If your partner dies

    If your partner dies
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    Whether or not you're a First Nation member or status Indian, if your partner dies:

    • you can stay in the family home for 180 days
    • if you get an exclusive occupation order, you may be able to stay in the family home for a longer period, especially if you have children
    • you may get a share of the value of your matrimonial real property interests or rights if you apply to court within 10 months from the day your partner died

    If you aren't a First Nation member, property can't be transferred to you. But you may get a share of the value of your matrimonial real property.

    Your rights as the surviving spouse may also be affected if your partner has a legal will, or by estate rules under the Indian Act. Talk to a lawyer to find out what your rights are.

    For more information, see Wills and estates on reserve.

    Get help

    Centre of Excellence for Matrimonial Real Property — Booklet on Understanding Estates Management

    Access Pro Bono — Free legal help

    Indigenous Services Canada — Information about the Family Homes on Reserves and Matrimonial Interests or Rights Act

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    Indigenous and Northern Affairs Canada — Matrimonial Real Property on Reserves— Information about the new act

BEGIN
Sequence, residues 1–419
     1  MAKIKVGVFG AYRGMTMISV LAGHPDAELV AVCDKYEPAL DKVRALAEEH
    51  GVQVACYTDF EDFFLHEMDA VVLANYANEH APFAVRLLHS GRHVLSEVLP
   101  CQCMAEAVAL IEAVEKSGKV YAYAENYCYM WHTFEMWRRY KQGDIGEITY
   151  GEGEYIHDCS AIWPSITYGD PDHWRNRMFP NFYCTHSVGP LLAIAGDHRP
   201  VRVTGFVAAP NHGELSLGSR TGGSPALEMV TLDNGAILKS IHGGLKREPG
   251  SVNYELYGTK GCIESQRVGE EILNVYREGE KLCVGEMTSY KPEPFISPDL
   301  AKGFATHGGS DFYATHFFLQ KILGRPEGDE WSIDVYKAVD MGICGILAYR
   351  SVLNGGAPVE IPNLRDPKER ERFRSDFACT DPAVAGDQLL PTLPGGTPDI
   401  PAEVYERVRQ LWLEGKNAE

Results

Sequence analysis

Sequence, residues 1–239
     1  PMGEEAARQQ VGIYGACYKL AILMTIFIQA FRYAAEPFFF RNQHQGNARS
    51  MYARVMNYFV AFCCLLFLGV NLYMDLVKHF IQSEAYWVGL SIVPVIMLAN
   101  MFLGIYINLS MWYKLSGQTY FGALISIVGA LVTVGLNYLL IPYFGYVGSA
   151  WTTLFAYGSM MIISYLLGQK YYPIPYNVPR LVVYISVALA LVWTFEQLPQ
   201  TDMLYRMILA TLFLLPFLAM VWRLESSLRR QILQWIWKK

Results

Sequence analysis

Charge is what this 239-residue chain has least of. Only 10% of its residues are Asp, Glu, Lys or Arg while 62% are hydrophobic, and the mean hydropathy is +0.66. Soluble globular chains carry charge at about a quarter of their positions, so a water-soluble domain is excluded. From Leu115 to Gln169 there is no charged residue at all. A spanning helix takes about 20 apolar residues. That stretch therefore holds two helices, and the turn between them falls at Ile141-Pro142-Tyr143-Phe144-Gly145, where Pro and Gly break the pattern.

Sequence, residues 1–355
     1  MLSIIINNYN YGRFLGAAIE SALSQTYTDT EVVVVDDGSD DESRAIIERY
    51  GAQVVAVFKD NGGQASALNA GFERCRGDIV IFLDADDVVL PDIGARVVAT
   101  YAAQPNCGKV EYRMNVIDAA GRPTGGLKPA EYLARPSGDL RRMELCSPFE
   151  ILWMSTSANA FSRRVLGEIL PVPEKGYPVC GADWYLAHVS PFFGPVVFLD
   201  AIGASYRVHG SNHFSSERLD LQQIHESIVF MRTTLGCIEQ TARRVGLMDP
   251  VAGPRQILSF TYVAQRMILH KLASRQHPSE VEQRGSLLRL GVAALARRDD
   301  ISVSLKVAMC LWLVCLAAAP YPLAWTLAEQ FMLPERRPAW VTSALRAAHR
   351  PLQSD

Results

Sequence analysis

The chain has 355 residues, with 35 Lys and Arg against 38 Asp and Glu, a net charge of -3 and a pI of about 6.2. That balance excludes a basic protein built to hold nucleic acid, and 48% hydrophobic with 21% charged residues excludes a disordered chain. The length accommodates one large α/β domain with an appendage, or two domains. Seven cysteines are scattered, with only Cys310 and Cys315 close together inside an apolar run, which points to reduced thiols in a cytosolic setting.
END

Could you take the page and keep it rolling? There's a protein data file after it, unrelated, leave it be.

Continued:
Assembly of First Nations — First Nations Matrimonial Property Law Resource Handbook — Information to help First Nations prepare, draft, and enact matrimonial property laws

    Centre of Excellence for Matrimonial Real Property — Supports First Nations with the implementation of the new act

    Centre of Excellence for Matrimonial Real Property — Toolkits — Training materials on the new act for First Nations and their professional associates

    Centre of Excellence for Matrimonial Real Property — FAQ — Frequently asked questions on the new act

    Centre of Excellence for Matrimonial Real Property — Pamphlet — A guide to applying for exclusive occupation of a family home on reserve in BC

    Native Women's Association of Canada — Matrimonial Real Property — Information on matrimonial real property

    Family Law in BC website — Making an agreement after you separate — Information about making agreements

    Family Law in BC website — Who can help you reach an agreement? — Information about letting you know what your options are for getting help with agreements

    Family Law in BC website — Write your own separation agreement — A step-by-step guide to writing an agreement

    Lawyer Referral Service — Helps you find a lawyer to take your case — Call 604-687-3221 (Greater Vancouver) or 1-800-663-1919 (elsewhere in BC)